Mammography, MRI breast, DBT (Digital breast tomosynthesis), Ultrasound of breast, and breast self-exam are modalities for breast cancer screening.

As per the USPSTF (the United States Preventive Services Task Force) guidelines, women aged 50 to 74 years are recommended to have biennial screening mammography, whereas, for women aged 40 to 49 years, the decision to screen should be an individual one as the reduction in breast cancer death is smaller than the rate of false-positive results and needless biopsy.[8]This also increases the risk of overdiagnosis and treatment. This is in contrast to the ACS (American Cancer Society) guidelines, which strongly recommend annual mammography beginning at the age of 45. Between the age of 40-44 years, mammography should be offered. ACS also recommends a transition to biennial screening or have the opportunity to continue screening annually in women who are over 55 years. Women should not discontinue screening mammography after the age of 75 as long as their general health is good, and their life expectancy is ten years or longer.[1]

Based on the USPSTF guidelines, mammogram in women aged 75 years or older, there is insufficient evidence to assess the balance of benefit and harm, which is the same in women with negative mammograms due to dense breasts, the use of DBT (Digital breast tomosynthesis), Ultrasound of the breast, MRI breast, and other modalities.  

Women with High Risk: As per ACS guidelines published in 2007, annual mammography with MRI for women with increased risk. This group includes women with a known BRCA mutation, women who have not tested but have a first degree relative with a BRCA mutation, or women with a 20% to 25% or higher lifetime risk of breast cancer as predicted by breast cancer risk-estimation models, which include pedigree analysis of first and second-degree relatives on both the paternal and maternal side, those who were treated for Hodgkin disease with chest irradiation under age 30 years, women with Cowden, Li-Fraumeni, and Bannayan-Riley-Ruvalcaba syndromes and their first-degree relatives. Presently, the above ACS guideline for women at increased risk is in the process of updating.[1]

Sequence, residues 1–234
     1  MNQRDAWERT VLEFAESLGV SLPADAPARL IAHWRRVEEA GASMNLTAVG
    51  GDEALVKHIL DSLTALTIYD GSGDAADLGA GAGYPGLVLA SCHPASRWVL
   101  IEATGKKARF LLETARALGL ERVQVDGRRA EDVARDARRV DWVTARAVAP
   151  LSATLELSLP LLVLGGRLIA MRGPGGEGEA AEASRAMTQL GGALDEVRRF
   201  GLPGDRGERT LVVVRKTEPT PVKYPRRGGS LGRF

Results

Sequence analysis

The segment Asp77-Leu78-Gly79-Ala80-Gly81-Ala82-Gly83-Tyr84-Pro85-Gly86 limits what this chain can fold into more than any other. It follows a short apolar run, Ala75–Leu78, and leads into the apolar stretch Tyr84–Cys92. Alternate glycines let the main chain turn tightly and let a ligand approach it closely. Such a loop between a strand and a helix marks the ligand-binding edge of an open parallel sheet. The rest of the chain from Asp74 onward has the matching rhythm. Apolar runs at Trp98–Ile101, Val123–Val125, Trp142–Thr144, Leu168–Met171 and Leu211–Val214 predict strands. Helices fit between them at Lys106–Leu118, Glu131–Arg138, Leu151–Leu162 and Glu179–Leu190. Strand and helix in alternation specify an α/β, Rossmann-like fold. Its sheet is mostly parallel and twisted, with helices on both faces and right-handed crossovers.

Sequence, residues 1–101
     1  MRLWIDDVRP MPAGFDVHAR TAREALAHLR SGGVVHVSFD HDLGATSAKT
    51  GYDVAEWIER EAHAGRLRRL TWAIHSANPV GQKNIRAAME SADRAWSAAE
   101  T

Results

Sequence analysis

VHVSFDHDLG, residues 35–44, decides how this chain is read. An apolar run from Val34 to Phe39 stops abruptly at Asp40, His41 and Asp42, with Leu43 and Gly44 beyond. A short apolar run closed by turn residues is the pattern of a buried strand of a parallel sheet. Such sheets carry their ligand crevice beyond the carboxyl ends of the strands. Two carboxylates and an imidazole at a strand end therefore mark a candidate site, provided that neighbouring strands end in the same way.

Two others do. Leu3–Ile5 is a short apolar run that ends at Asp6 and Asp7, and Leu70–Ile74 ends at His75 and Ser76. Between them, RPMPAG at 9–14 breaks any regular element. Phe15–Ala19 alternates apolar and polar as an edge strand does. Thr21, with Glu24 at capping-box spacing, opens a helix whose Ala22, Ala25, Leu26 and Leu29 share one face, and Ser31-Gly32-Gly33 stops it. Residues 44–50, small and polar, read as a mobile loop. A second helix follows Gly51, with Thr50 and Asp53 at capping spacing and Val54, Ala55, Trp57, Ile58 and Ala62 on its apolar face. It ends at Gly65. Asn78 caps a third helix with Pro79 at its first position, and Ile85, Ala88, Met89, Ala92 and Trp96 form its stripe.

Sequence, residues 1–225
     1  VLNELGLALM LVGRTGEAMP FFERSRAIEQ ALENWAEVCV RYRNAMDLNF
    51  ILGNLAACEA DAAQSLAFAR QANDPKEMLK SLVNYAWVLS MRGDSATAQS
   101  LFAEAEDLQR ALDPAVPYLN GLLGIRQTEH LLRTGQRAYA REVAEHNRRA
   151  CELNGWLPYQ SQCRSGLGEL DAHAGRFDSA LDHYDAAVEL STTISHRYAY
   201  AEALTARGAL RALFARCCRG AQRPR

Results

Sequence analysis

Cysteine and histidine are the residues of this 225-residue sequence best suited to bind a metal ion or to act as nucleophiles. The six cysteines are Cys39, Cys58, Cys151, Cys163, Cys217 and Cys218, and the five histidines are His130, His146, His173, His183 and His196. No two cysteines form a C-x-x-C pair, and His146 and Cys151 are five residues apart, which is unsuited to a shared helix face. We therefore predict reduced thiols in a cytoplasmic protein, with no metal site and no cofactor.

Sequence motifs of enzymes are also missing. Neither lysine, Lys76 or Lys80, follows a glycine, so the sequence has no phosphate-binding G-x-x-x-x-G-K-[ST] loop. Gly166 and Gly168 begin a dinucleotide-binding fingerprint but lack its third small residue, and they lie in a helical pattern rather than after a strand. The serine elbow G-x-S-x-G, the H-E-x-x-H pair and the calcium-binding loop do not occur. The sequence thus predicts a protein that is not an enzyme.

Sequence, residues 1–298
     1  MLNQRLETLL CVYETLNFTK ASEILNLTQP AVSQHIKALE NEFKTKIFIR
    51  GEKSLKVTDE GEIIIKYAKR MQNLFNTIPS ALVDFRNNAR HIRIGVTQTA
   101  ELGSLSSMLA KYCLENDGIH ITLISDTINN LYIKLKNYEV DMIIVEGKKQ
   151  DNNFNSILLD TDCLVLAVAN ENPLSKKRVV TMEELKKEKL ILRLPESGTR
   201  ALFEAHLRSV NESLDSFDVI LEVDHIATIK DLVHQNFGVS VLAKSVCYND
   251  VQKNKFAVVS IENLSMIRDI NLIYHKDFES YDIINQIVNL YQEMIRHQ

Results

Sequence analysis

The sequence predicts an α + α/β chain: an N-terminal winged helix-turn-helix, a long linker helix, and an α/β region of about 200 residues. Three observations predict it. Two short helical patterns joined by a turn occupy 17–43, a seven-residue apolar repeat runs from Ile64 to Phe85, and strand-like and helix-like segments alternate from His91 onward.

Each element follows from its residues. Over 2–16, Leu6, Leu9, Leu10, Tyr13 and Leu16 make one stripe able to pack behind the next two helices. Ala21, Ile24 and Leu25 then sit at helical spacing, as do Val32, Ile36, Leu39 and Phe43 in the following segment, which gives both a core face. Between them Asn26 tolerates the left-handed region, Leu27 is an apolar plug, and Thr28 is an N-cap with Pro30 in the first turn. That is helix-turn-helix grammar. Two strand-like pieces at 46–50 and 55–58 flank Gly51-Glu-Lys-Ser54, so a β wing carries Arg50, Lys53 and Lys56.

Cervical Cancer Screening Guidelines

In women aged 20 to 39 years, cervical cancer is the second leading cause of cancer death.[9] Cervical cancer was diagnosed in 569,847 women globally, with a mortality of 311,365 women in 2018.[10] Persistent HPV infection is the cause of cervical cancer. As per NHIS 2013 (National Health Interview Survey), approximately 80 % of women in the age group of 21-65 received pap tests in the last three years.[3] HPV vaccine also offers protection against nine types of HPV and hence prevents about 90% of cervical, anal, vulvar, and vaginal cancers. But the rates for vaccination are still low among adolescent girls and boys (37.6% and 13.9% respectively).[3]

The tests for cervical cancer screening are- Pap test, pap test with HPV co-testing, high-risk HPV testing only.